The main residence exemption allows your main residence to be fully or partially exempt from capital gains tax, meaning you are not taxable on any gains or losses that arise from the sale of your main residence.
You can only consider one property as your main residence at a time and this choice only needs to be made in the period the property is being sold in. A vacant block cannot be considered as a main residence and usually you cannot claim the main residence exemption if you move out.
However there are some situations where you can consider a property your main residence even if you have moved out. This can only be done if you own both the property claiming the exemption and the property you currently live in. Examples of these situations include moving from one main residence to another (can claim up to 6 months) and not using the property to produce assessable income (can claim indefinitely).
If the property is used to produce assessable income, the six year rule applies. This means that if you have moved out and the property is used to produce assessable income, you can treat the property as your main residence for up to six years of moving out. However if you move back in during this 6 year period then rent it out again, the six year limit is reset.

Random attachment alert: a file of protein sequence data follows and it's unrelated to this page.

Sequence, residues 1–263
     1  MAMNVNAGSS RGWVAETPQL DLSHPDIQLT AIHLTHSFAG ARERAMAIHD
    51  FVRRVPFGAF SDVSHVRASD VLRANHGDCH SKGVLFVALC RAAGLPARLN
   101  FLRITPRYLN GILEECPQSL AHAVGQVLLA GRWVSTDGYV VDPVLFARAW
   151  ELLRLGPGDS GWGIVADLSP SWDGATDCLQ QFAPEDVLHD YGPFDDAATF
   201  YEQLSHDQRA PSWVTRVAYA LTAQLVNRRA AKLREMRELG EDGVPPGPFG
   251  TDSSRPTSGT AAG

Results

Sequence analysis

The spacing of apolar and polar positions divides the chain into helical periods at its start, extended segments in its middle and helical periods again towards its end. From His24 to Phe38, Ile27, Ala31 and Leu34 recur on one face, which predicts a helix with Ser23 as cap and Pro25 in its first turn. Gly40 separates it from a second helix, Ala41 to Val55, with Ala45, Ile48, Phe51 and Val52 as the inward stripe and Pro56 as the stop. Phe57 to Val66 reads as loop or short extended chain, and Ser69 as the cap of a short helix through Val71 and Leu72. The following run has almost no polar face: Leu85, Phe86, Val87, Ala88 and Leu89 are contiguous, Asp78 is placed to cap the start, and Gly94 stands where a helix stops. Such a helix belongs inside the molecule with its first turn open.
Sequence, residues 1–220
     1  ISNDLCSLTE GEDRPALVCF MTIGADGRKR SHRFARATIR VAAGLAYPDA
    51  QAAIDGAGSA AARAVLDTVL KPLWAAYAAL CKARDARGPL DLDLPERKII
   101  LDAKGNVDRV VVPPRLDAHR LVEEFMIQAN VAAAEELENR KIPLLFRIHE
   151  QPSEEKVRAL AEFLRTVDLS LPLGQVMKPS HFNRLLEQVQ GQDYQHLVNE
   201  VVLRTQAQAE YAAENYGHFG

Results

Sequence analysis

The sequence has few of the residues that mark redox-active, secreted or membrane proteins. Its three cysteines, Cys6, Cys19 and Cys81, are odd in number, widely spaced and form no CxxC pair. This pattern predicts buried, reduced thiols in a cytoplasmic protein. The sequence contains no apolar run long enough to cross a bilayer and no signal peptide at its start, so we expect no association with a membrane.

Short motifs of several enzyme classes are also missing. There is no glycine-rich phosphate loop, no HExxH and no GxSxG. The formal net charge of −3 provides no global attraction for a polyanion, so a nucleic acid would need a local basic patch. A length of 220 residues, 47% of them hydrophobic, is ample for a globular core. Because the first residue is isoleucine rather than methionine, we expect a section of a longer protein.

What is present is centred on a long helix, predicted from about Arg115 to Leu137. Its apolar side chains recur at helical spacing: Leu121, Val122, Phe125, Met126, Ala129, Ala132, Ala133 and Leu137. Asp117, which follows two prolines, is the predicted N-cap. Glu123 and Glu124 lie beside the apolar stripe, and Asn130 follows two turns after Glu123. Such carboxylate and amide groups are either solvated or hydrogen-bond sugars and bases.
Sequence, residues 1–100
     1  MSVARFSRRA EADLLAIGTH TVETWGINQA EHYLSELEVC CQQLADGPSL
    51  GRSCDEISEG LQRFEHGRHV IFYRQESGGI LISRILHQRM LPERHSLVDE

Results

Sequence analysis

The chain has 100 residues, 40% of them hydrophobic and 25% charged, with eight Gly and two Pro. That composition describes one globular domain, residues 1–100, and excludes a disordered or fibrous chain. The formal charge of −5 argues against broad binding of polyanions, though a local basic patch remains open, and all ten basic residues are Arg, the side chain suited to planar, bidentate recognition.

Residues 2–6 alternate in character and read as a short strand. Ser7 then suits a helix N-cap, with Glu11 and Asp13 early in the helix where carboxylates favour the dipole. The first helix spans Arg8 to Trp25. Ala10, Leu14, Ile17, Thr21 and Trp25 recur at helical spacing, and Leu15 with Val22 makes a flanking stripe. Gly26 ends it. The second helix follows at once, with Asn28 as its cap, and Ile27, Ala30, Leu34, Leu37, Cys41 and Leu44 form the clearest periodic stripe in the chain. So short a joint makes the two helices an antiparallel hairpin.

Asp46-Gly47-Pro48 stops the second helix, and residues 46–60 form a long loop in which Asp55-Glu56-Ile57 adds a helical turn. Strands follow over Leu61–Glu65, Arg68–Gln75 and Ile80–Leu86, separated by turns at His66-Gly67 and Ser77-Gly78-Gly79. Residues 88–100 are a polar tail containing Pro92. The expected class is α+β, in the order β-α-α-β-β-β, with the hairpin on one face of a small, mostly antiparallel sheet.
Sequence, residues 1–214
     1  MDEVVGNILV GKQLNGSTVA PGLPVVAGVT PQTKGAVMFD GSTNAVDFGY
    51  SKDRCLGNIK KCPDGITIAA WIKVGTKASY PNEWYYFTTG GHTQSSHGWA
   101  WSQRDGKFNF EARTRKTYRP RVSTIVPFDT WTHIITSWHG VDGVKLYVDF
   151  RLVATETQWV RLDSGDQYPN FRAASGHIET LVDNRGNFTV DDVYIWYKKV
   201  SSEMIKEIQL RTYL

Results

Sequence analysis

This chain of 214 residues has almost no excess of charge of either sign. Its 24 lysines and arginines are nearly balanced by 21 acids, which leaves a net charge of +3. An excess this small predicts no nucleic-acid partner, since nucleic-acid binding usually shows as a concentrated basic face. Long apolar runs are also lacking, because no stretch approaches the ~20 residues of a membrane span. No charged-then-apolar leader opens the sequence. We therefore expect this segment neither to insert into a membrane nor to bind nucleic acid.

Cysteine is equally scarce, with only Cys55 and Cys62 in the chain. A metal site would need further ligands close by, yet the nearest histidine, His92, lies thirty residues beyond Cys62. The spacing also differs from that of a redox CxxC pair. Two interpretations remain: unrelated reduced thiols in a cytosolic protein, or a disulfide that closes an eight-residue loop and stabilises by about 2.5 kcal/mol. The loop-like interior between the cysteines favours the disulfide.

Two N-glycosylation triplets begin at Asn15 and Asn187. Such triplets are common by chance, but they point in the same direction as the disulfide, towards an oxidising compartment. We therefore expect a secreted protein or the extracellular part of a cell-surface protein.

For more information on the main residence exemption, please refer to the following links:
- Circumstances that indicate a partial or full exemption: https://www.ato.gov.au/general/capital-gains-tax/your-home-and-other-real-estate/selling-your-home/#Selling_your_home_FullExemption
- Treating a property as your main residence after moving out:https://www.ato.gov.au/General/Capital-gains-tax/In-detail/Real-estate/Treating-a-dwelling-as-your-main-residence-after-you-move-out/